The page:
Military action by the US-led coalition in Afghanistan threatens serious domestic trouble in India, besides plunging South Asia into new uncertainties. If President Bush thinks the coalition offers"an opportunity to refashion the thinking between Pakistan and India" to promote reconciliation, he is likely to be proven wrong. Responses in New Delhi and Islamabad to his September 22 lifting of sanctions imposed after the 1998 nuclear tests have been divergent. Indian policy-makers see this as long expected but "asymmetrical," and as an ill-deserved reward to Pakistan for belatedly breaking with the Taliban. The Pakistanis call it inadequate. They want removal of sanctions imposed after the 1999 Musharraf coup and a further "correction" of the recent pro-India tilt in US policy.

Since September 11, India and Pakistan have been vying to become America's "frontline" partners in Afghanistan--for parochial reasons. India offered full military cooperation to the United States even before there was significant evidence on responsibility for the attacks. Indian policy-makers and -shapers could barely hide their glee at this "historic" chance for an Indian-US "strategic partnership." The United States had finally come around to understanding India's suffering under "cross-border terrorism"--that is, Pakistan's support for Kashmiri-secessionist militants--a rather facile explanation of the Kashmir crisis, which is rooted more in New Delhi's policies and popular alienation than in Pakistan's proxy war.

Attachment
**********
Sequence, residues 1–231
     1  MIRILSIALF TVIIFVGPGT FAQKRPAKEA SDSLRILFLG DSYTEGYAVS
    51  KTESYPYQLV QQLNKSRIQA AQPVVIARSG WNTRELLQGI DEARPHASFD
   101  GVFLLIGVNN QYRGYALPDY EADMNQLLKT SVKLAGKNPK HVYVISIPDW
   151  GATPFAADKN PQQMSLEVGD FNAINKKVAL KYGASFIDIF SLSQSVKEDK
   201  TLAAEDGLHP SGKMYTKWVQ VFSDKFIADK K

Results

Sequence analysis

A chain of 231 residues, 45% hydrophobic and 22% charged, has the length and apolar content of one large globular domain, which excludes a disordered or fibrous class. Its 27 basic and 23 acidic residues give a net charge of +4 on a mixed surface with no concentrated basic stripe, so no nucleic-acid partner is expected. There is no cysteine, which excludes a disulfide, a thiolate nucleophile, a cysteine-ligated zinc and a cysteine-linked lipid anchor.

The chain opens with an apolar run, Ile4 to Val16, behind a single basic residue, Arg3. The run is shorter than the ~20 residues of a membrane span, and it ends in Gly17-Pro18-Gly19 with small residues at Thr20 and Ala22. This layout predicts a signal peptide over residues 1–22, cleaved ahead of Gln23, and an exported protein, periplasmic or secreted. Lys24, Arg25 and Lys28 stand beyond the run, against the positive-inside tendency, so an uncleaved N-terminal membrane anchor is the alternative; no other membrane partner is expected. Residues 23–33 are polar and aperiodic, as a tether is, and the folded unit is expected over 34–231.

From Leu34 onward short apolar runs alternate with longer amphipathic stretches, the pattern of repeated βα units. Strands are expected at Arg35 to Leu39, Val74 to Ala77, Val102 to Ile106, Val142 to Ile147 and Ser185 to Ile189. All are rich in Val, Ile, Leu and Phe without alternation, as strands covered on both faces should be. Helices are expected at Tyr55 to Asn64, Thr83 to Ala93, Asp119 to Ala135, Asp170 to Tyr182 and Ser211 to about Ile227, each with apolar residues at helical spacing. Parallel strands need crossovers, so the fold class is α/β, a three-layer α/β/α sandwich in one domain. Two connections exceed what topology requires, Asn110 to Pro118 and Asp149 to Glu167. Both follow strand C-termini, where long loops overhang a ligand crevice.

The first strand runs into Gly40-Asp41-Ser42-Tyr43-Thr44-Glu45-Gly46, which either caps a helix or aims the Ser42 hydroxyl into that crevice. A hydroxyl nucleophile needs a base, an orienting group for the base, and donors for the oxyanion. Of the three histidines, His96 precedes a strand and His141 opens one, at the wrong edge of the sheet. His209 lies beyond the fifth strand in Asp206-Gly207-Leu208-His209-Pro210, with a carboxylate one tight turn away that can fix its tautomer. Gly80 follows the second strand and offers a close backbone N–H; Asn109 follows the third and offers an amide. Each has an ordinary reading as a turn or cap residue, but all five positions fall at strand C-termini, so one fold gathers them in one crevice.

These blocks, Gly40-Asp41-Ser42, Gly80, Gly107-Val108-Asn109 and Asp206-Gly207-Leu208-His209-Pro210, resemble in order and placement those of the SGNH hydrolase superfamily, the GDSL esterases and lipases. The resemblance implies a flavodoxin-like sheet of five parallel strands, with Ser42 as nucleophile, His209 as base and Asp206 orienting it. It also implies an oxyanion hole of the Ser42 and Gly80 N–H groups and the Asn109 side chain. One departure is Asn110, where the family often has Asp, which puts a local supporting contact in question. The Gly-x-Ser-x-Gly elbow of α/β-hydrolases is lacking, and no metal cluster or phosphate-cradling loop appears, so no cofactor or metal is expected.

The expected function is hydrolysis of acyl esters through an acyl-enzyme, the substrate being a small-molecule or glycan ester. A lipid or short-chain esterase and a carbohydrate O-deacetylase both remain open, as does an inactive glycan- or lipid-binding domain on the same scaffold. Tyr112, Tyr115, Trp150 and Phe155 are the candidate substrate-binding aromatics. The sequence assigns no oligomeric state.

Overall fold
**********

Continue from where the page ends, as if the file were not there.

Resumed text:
India's unsolicited offer of support was buttressed by Prime Minster Atal Behari Vajpayee, who echoed Bush's insistence on obliterating the distinction between terrorism and states that support it. Vajpayee demanded that "we must strike at [the terrorists'] organizations, at those who condition, finance, train, equip and protect them...and thus compel the states that nurture and support them." This brazen alignment with Washington disturbed and astonished Indian public opinion. New Delhi was so preoccupied with its self-serving stand on Kashmir that it offered to join forces with Washington without demanding the multilateral approach it is traditionally known for. India has conventionally opposed unilateral action by states or groupings like NATO and insisted that any use of military force be properly authorized by the UN's Security Council under Chapter VII of its charter. India's failure to ask for such a mandate today is largely explained by its Kashmir preoccupation and urge to isolate Pakistan.